Over two years ago, I wrote about Chaser, a border collie that not only had a vocabulary of over a thousand words, she could also make logical inferences. I now learn via Machines Like Us that Chaser has got even smarter. Dan Nosowitz got a demonstration of what Chaser can do.
Here is one example.
Throughout the interview, Pill gave Chaser what I considered to be some pretty intricate directions. It was never “sit” or “stop,” but things like “relax” or “go to the living room,” which Chaser actually obeyed. These weren’t to impress me; this is the way John and Sally and Pill talk to Chaser. But I wanted to see some tricks.
I got a private demonstration with Chaser in Pill’s apartment, which seemed far too put-together for a rambunctious dog like Chaser to be running through. I was given a plush donut-shaped toy, the name of which I was told is “Fuzzy.” My first task: hide Fuzzy and have Chaser find it.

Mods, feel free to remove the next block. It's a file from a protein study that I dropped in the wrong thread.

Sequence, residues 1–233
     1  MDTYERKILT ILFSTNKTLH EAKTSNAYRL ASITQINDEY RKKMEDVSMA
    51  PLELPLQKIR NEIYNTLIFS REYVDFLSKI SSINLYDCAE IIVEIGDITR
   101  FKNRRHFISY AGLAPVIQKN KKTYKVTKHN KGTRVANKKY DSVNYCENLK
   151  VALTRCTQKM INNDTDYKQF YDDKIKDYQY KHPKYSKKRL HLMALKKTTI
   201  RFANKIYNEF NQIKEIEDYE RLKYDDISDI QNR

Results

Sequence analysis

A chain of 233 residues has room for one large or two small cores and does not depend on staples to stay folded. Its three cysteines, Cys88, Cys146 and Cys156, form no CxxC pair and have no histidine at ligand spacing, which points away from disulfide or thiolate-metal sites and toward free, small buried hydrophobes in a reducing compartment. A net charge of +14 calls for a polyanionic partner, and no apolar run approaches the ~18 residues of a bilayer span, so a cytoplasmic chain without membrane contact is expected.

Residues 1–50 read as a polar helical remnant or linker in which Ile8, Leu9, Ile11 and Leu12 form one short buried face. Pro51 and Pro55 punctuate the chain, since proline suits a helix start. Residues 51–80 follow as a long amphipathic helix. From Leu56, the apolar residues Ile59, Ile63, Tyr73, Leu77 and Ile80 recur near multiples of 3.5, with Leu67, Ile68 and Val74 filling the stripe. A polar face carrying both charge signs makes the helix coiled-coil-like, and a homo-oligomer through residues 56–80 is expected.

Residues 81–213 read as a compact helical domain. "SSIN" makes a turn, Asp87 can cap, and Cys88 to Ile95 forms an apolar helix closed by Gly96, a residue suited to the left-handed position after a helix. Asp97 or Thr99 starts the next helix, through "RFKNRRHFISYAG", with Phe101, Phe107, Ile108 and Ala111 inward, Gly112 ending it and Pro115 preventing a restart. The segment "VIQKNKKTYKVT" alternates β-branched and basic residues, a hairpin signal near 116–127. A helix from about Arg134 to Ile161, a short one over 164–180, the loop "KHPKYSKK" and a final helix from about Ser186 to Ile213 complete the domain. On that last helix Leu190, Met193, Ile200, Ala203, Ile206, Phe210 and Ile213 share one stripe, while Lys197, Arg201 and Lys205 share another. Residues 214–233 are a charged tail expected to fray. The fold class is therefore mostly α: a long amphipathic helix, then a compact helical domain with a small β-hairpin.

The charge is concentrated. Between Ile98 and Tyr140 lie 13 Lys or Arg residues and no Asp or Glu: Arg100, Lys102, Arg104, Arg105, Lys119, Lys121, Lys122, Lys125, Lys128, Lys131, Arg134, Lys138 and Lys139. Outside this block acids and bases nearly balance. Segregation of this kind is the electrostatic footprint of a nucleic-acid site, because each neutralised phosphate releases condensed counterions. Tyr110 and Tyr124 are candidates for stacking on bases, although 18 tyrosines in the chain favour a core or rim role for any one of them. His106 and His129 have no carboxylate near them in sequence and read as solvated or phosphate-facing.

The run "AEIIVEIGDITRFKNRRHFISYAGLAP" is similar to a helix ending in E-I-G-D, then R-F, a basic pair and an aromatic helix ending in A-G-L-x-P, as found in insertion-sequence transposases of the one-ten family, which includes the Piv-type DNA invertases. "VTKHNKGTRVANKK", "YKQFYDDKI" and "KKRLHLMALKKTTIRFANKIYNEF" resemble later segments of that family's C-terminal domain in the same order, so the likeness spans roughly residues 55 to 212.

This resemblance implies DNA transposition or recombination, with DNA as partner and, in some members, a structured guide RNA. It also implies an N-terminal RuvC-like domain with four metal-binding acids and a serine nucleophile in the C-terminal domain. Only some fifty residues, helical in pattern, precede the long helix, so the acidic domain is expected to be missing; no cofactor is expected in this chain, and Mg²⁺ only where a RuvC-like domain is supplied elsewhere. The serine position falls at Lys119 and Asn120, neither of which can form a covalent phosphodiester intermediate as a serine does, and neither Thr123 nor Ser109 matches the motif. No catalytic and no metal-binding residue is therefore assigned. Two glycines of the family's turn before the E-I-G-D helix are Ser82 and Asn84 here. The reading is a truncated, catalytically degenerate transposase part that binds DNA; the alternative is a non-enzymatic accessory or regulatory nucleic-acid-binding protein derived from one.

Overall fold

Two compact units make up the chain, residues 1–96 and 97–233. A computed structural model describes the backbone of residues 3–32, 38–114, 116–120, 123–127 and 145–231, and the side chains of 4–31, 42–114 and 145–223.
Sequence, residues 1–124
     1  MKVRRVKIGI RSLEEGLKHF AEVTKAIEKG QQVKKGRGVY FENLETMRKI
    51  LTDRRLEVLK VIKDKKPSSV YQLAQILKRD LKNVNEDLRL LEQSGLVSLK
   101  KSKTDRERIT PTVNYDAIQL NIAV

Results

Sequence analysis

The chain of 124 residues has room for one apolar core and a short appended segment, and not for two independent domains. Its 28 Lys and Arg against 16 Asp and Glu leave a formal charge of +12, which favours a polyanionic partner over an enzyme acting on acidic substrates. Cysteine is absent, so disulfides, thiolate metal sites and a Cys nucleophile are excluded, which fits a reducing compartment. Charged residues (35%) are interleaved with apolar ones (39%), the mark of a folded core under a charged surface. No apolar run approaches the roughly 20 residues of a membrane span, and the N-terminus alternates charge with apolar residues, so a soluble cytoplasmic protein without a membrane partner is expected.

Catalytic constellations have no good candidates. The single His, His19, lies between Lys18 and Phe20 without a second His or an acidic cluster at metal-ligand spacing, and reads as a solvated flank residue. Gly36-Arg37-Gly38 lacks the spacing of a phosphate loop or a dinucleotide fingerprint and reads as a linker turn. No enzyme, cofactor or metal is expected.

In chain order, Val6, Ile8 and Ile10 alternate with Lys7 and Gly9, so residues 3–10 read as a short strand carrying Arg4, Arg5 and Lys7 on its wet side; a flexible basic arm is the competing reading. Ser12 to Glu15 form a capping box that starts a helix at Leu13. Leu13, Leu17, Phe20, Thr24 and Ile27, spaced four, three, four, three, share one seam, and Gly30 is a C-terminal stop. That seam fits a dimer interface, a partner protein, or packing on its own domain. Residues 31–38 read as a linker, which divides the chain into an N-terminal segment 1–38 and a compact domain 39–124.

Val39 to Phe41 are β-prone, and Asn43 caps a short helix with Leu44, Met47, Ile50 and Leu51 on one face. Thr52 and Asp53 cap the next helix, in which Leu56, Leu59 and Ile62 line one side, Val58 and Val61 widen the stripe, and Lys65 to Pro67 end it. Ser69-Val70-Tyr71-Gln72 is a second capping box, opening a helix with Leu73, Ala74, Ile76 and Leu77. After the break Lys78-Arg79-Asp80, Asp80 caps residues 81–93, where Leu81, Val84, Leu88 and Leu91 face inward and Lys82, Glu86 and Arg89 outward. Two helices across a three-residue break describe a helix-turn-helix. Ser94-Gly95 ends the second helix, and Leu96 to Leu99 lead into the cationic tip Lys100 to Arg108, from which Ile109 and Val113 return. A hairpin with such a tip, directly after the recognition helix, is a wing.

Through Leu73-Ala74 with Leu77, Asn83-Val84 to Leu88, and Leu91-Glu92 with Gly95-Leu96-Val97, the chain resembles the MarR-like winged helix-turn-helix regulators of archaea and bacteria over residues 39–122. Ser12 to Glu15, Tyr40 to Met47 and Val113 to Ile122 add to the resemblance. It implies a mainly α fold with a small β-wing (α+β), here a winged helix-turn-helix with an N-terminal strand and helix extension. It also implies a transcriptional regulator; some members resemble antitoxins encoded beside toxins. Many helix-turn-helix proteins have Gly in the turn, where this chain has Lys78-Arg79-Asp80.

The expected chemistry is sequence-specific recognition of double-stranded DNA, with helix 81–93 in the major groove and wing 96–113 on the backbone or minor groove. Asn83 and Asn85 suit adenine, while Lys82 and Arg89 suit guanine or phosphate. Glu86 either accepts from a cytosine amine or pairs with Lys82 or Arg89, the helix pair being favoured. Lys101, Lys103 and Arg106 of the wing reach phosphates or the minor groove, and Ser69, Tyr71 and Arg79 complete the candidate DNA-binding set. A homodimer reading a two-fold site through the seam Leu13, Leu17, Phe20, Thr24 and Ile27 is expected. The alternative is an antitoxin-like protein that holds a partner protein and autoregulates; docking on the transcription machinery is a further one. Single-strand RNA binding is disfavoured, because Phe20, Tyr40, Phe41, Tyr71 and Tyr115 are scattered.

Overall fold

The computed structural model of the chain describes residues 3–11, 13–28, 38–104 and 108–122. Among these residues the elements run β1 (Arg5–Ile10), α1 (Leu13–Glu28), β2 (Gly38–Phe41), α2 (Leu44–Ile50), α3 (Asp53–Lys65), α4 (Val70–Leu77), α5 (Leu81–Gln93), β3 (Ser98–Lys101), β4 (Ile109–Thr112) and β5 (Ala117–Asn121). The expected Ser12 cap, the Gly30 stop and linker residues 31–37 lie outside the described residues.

“Find” is a difficult test for an animal, because it is entirely based on the spoken word. It requires that the object to be found not actually be in sight, or else how could it be lost enough to be found? “Fetch” allows the dog to see the object as it’s thrown, but not “find.” Border collies aren’t natural hunting dogs like hounds, and all dogs have pretty short attention spans, so the task of finding an object seemed tricky to me.
I hid Fuzzy under a tall piece of wooden furniture, tucked way in the corner. There was only a few inches of space underneath there; Fuzzy wasn’t really in sight at all. It was too good of a hiding place. Chaser understood the task, but got frustrated quickly, almost like a toddler. She couldn’t find it. I repeated, at John’s urging, “Find Fuzzy, Chaser! Find Fuzzy!” in an excited tone. After a minute or two of Chaser scouring the apartment for Fuzzy, John told me to play the hot and cold game.
“Seriously? She understands ‘hot’ and ‘cold’?” I said. “Oh, yes,” said John. As she got closer to Fuzzy, I said “hot, Chaser! You’re getting hot!” She got more excited at this and began more energetically searching around that area. Just in case, she turned around briefly. “Cold, Chaser!” I said. She quickly turned back around, and within a few seconds had triumphantly located Fuzzy. She clawed him out from my unfairly difficult hiding place and looked up at me, eyes round, tail wagging, ears extended straight upward. “Good girl!” I said, before wondering how old a human child has to be before being able to accomplish that task.
Here is Chaser being put through her paces.